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I'd like to see the pics, Chuck.

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Yes I'd like to see pics of your blind set ups too Chuck.

I have plenty of good areas to hunt on my lease but only about 1/4 of them have a tree big enough to support a stand close enough for a bow shot and in many of those cases the tree is isolated so the back drop doesn't provide much camo to blend in to. Two or three good blind setups would definitely improve my options with the bow.

Does anyone build "natural blinds" ? from dead falls and brush ? How well does that work and what's your technique ?

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I guide for a group called Twist of Fate in North Dakota for handicapped hunters in wheel chairs.We do build some ground blinds for these guys but the majority are in manufactured blinds.We will sometimes use hay bales and have a shooting hole in them.We will also build some with logs and branches along the edge of trails in the woods.These dont work just to bad as some do harvest a deer from these,but the ones you buy do work better as you have more clear shooting lanes to deal with.I have had a hard time building these so that the hunter will be camo'ed enough so the deer dont catch thier movement as with a regular blind you have less of a problem with movement.The homemade type ground blinds are better for the deer as far as getting use to as they are use to the tree branches and such but as stated before movement is a problem.Now,for a non handicapped person to use it may be better as you will not have the diffuculty with moving for a shot as they do and you will be quieter than they will be also.I personally use the ground blinds if I dont have a place to hang a stand but I prefer to hunt from a elevated position to help with scent control and detection of movement and for seeing deer coming before they are right in front of me for a shot.I do feel that the ground blinds will work but a elevated stand will do much better if you have a place to hang one.

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I had bought an Ameristep Doghouse and think it is great. It has ties on all seams to tie local forage to the blind itself and it helps immensly with camo'ing the blind so that it is not just a big blob. I have yet to harvest a deer out of it as I only used it maybe 3 times. I believe that it is a 6 or 8 sided blind with mesh shoot-thru windows on all sides as well as clear windows for scent control (not sure how well those work??) I too like hunting from an elevated position but this is not always possible. Looking forward to sticking one soon!!! I will be out in the woods tomorrow setting/moving stands etc.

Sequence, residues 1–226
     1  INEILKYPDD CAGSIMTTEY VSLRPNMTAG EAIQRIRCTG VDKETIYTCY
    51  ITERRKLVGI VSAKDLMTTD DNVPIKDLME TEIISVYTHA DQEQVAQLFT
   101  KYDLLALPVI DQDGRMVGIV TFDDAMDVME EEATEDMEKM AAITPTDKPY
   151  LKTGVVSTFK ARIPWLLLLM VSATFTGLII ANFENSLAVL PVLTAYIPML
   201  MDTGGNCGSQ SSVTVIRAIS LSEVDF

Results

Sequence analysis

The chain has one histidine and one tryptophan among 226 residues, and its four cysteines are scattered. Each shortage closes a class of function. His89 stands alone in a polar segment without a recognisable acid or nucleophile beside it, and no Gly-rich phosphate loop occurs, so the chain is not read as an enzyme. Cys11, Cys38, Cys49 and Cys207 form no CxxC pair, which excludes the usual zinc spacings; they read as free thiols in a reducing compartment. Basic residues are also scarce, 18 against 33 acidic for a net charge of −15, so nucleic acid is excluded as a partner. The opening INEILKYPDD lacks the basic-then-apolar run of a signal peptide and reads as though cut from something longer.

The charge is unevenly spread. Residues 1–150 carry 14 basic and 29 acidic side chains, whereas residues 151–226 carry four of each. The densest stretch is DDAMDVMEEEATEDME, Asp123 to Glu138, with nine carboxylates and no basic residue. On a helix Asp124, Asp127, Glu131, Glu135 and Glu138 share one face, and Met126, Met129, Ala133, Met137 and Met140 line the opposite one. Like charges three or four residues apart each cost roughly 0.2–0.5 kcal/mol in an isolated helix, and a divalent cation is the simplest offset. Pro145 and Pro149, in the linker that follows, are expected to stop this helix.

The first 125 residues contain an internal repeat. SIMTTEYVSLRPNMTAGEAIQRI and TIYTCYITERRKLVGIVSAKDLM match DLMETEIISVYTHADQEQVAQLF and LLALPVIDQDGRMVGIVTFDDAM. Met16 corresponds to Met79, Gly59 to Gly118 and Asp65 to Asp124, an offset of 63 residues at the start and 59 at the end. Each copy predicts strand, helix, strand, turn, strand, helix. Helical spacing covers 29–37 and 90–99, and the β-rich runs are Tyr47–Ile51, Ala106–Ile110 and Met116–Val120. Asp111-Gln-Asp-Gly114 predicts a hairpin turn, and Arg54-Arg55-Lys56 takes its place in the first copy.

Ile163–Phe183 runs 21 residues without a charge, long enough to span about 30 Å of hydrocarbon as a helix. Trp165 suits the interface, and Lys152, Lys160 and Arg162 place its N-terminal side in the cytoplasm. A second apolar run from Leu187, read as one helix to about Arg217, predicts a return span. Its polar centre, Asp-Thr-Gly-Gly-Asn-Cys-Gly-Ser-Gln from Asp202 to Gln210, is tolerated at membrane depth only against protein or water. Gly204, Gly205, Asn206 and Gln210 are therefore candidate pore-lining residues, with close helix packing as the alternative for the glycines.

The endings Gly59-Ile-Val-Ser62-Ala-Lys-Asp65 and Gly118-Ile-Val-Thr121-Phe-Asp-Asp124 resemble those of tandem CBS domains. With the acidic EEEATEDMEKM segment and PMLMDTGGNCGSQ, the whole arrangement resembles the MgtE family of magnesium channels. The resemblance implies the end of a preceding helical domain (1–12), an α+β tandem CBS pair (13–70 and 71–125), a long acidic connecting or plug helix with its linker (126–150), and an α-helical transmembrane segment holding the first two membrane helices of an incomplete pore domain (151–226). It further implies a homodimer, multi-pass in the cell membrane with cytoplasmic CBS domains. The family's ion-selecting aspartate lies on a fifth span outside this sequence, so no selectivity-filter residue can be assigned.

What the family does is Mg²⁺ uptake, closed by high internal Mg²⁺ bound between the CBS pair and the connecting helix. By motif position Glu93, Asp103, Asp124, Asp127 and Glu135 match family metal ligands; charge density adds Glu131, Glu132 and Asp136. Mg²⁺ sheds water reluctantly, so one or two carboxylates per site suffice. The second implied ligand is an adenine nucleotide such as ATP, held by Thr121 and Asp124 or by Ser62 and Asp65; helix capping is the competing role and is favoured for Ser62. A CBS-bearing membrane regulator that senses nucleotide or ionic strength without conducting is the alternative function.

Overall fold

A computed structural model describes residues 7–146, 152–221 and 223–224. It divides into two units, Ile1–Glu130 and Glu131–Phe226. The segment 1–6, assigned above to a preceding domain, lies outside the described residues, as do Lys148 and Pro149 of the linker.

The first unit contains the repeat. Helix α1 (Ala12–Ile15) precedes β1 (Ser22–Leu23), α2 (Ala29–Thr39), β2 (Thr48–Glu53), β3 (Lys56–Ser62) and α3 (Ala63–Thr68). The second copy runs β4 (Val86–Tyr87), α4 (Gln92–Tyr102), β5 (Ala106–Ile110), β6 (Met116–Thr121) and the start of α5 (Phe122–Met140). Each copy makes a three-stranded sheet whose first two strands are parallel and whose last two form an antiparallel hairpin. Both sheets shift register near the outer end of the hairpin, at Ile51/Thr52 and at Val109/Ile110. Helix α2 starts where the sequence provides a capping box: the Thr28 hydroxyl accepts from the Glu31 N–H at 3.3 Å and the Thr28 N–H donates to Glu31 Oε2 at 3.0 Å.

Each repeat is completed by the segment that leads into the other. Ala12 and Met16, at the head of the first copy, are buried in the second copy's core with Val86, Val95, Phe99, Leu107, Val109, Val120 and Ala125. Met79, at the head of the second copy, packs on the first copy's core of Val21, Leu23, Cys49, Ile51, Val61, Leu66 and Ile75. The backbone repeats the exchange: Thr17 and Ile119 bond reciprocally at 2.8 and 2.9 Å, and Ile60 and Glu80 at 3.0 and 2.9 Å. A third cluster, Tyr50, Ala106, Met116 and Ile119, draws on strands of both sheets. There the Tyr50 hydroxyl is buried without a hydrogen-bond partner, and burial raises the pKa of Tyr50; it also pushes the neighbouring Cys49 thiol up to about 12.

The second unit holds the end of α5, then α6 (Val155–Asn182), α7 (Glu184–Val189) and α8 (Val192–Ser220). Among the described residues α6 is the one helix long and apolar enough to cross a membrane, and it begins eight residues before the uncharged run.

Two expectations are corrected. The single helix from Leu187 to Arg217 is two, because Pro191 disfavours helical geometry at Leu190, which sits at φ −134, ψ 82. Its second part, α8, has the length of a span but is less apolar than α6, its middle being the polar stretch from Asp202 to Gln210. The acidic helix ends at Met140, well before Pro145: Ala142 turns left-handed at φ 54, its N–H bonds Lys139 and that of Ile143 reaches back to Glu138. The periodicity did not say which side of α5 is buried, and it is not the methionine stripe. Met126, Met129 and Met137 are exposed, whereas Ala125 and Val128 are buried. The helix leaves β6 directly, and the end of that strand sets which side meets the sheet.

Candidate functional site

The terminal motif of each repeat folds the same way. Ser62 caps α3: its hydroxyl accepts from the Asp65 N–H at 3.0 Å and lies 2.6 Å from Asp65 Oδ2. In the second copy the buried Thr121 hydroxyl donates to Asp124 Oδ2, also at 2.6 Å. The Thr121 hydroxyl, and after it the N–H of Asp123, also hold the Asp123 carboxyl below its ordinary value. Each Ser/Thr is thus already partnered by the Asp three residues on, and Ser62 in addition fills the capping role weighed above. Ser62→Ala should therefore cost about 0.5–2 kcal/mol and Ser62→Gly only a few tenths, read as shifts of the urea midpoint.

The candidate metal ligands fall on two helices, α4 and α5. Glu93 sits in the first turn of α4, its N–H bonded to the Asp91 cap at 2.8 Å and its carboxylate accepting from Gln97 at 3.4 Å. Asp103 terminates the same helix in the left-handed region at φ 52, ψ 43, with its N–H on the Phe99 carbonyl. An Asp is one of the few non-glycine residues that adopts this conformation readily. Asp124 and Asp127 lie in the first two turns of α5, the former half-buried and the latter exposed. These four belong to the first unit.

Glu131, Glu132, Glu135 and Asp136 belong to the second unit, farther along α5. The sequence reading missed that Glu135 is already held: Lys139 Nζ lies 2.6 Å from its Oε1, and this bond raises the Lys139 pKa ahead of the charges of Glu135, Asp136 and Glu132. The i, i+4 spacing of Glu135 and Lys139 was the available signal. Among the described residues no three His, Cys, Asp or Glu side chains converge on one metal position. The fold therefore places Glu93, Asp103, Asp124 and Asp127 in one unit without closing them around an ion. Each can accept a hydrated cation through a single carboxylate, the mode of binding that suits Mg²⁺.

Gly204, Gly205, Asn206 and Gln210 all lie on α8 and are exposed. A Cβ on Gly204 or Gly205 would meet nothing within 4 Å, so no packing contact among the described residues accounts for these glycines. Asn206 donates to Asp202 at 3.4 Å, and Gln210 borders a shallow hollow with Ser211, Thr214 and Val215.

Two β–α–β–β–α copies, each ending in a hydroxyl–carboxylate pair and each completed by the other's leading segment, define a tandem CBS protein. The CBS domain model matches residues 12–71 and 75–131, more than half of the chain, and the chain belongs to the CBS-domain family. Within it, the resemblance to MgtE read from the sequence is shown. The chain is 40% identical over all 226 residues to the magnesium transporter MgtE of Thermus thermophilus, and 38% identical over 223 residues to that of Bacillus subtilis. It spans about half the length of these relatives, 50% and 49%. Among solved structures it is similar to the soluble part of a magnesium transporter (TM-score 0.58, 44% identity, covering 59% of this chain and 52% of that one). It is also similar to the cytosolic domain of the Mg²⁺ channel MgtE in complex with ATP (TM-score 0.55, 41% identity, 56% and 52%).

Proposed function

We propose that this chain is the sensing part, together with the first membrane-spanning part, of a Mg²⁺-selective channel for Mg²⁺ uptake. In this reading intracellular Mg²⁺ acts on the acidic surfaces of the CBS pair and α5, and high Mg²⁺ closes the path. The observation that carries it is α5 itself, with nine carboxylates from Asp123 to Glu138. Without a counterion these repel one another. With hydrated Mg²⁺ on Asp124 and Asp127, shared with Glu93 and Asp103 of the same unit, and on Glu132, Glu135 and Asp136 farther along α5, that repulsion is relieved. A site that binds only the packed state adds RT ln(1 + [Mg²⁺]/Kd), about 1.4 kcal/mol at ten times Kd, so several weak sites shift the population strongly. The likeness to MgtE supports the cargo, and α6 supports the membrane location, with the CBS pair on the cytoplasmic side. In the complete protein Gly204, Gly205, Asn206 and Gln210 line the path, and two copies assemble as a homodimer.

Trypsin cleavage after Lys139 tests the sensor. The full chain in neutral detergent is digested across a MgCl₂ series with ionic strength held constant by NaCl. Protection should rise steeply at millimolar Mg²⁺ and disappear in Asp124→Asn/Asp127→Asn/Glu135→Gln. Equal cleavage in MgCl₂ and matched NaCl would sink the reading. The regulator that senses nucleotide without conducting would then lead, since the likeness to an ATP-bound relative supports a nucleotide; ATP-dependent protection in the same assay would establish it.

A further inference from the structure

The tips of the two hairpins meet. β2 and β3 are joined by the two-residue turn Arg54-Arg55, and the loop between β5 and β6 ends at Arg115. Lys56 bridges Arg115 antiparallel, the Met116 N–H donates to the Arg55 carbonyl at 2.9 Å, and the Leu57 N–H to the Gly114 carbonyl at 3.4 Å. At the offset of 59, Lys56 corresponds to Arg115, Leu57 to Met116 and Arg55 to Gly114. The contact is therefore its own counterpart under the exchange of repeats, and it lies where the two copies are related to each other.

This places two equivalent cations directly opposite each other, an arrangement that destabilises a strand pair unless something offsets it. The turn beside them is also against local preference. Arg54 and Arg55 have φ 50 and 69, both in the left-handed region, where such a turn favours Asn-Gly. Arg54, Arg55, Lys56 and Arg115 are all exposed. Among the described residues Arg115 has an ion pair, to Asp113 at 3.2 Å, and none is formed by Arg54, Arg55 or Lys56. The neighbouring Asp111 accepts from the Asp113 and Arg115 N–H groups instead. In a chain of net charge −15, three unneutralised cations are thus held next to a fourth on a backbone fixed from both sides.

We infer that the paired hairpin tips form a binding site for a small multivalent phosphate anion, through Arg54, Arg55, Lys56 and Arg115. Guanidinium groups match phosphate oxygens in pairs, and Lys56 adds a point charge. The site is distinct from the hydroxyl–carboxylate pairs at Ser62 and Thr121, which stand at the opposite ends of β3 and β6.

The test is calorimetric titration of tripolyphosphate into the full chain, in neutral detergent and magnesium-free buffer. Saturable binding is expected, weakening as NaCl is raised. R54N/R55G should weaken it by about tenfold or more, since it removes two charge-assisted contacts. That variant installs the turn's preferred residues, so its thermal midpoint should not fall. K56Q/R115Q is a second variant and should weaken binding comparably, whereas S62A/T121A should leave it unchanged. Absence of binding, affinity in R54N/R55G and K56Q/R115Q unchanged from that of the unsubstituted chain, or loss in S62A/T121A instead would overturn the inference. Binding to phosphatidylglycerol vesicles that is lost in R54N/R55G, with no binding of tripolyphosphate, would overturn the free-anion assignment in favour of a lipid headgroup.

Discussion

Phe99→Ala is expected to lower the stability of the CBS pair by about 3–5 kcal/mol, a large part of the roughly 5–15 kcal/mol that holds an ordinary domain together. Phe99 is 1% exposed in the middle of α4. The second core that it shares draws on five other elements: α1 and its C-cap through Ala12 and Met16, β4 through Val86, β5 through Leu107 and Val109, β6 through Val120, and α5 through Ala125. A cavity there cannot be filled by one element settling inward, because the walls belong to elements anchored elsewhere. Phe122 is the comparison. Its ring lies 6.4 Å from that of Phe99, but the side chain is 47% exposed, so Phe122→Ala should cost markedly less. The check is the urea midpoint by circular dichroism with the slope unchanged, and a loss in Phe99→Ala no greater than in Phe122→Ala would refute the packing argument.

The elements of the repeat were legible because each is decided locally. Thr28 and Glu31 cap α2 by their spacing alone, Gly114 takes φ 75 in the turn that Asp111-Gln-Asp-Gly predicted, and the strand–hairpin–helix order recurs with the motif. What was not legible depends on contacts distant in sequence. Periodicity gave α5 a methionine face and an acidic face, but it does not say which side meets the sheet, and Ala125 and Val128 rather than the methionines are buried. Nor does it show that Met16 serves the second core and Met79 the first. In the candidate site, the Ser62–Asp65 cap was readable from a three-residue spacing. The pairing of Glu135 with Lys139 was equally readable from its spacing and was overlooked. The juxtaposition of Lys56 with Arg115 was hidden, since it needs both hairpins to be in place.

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Hey Studer, I have the Doghouse too but maybe the cheapo model. It has shoot through windows on just 3 sides with three smaller portholes. It did the job last year as I took a doe the first morning of gun season from 20 yards in it and could have had shots at others had they not been leaping and jumping by me at break neck speed in fear of the gun hunters on adjoining property (BTW, even on private land, I recommend putting lots of blaze orange markers on your blind just in case).

I upgraded this year with a hub style blind that has windows on all sides. Practiced shooting through the mesh on Saturday to make sure it didn't affect broadhead flight and then set it up this morning.

Some of the guys asked for pics of what a brushed in blind looks like, so here are a few I took afterward. I will probably bring some more brush with me the next time I go back for my trail cam but here is what I was able to do with what nature provided me with for now.

Here is the view a deer would have if it looked to the left of one of the main trails and a mineral site.

blind1.jpg

And here is the view they would have from one of my mini-foodplots. Note how all of the vines, thicket right behind helps as background for what I did to the blind itself.

I believe one of the main things to do is to add vegetation to the top of the blind and lay some saplings across a few of the sides to break up the outlines.

blind2.jpg

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Sorry Chucker....after thinking a bit harder I think that I have a Ameristep Roundhouse. That is a little bigger and looking at your pics, mine is more "Round" hence the name. I look forward to using it more this season.

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Easy to get them mixed up Studer. Ameristep makes a lot of them. My new one is a Groundmax Escape Deluxe from the people who make Big Game treestands. It is very big and roomy. I can make standing shots (though prefer sitting) and has windows you can raise and lower silently from the inside. I only like to keep a few open at the max.